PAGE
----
'If the shit hits the fan, you can always get in touch with VV instead,' Malijsen explained. 'He's an old colleague of mine, and owes me a favour.'
When during the heat of a sweltering summer an anonymous woman caller telephones Acting Chief of Police Kluuge informing him that a girl is missing from the summer camp of the strange religious sect, The Pure Life, he sends for Chief Inspector Van Veeteren.
Van Veeteren is contemplating retirement, a position in an antiquarian bookshop, and an upcoming holiday in Crete, by chance in the same hotel as a chestnut haired woman from an earlier case. But the 'crackpot' Maljisen did save his life so he travels to Sorbinowo, a lake town deep in the forest, to investigate where he discovers that Oscar Yellinek, the priest who leads the sect, his three adult women disciples, and the twelve young girls attending the summer camp are all very uncooperative.
Then a girl's body is found in the woods, raped and strangled, and Oscar Yellinek has disappeared.
A media frenzy ensues but the women and girls of the Pure Life sect remain obstinately silent.
The Inspector and Silence by Hakan Nesser is virtually a thesis on Van Veeteren's disillusionment with his job. Does he stay in the police seeing more bodies, dealing with more murderers and criminals, or does he retire to a life of books, drinking, eating, playing chess and listening to Faure and Pergolesi?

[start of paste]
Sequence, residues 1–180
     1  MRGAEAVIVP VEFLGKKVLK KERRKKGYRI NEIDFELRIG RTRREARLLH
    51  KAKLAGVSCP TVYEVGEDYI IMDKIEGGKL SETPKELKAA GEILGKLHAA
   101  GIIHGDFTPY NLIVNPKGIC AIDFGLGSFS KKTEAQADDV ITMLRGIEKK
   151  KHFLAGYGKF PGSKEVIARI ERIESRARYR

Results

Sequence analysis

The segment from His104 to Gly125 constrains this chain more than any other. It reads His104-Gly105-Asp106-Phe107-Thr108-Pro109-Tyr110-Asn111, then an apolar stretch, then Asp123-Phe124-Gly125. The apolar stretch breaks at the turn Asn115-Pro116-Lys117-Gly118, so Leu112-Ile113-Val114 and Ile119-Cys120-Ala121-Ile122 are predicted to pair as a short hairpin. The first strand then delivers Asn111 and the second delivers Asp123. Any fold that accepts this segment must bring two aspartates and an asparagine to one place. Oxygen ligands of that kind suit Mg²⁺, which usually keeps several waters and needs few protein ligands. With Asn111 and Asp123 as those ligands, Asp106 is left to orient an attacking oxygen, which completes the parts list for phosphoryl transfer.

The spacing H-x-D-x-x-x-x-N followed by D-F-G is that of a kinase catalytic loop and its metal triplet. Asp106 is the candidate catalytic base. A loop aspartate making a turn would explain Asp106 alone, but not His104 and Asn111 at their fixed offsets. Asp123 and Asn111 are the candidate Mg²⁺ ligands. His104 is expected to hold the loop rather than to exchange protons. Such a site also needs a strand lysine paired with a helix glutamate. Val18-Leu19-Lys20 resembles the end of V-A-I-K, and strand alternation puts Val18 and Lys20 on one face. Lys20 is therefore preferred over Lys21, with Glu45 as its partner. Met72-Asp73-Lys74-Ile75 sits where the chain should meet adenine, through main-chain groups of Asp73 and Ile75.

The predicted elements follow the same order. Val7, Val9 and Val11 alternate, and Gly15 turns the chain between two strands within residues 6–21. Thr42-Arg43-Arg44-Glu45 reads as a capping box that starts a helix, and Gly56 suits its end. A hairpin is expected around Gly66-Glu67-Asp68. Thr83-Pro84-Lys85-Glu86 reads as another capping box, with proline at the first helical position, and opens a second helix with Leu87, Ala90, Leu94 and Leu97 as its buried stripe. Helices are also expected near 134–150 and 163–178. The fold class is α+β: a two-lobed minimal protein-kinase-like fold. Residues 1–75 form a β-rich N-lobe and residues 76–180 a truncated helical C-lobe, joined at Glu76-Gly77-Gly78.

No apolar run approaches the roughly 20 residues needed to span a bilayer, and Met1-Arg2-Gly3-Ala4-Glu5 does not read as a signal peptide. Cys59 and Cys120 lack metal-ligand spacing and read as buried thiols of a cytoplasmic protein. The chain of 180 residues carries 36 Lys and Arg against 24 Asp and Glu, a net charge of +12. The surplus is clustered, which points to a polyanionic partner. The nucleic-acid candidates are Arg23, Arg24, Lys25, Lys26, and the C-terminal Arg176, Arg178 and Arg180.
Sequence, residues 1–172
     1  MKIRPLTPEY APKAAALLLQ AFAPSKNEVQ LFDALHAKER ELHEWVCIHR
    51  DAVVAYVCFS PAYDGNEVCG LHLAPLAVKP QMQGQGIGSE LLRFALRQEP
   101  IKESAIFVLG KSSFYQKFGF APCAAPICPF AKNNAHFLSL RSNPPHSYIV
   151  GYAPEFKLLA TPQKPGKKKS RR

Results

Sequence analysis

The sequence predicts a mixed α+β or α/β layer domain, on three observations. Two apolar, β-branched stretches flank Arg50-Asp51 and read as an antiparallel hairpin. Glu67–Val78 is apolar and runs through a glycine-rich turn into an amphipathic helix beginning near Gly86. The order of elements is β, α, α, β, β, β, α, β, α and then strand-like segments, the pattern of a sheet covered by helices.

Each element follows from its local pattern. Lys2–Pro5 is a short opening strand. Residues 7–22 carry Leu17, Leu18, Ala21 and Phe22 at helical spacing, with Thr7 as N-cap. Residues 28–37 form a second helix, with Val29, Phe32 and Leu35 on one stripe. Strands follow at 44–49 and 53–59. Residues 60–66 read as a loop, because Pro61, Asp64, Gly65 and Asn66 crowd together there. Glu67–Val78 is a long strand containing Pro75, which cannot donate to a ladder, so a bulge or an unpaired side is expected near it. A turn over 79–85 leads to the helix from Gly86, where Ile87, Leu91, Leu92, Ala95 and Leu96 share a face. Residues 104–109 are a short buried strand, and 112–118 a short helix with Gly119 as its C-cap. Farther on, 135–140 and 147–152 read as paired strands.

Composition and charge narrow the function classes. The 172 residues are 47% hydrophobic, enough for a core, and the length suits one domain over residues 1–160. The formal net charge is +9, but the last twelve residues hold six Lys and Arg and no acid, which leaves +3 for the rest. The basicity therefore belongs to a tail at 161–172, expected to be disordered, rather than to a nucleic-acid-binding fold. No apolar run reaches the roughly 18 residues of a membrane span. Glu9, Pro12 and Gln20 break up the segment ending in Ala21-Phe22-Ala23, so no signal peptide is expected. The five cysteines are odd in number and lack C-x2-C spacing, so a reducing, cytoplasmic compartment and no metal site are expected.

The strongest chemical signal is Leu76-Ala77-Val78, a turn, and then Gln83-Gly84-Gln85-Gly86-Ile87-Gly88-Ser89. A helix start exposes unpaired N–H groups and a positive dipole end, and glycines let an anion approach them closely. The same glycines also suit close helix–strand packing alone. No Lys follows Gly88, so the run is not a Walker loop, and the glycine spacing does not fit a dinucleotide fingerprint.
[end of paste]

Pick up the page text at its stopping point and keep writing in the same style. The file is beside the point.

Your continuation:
And if this sounds depressing the story's wit and ironic humour makes it a far less gloomy read than might be supposed from the subject matter.
The cameo appearances of interesting characters such as elderly newspaper editor Andrej Prezebuda, and the wooden legged cop Suijderbeck, as well as the accounts of Van Veeteren's idiosyncratic detection strategies make this a great read.
Red wine, he decided instead. It was only eleven in the morning, but not a minute too soon for a glass and a cigarette.
Hakan Nesser brilliantly captures the slowness, the frustrations, the boredom and false trails that can constitute a murder investigation.
The Van Veeteren books are a very intelligent police procedural series, and I am very much looking forward to the next book in the series out later this year.
'We have nothing to do with the investigation,' Reinhart explained. ' We've come here to track down an ancient detective chief inspector who's disappeared.'
'I'm on his trail,' said Van Veeteren.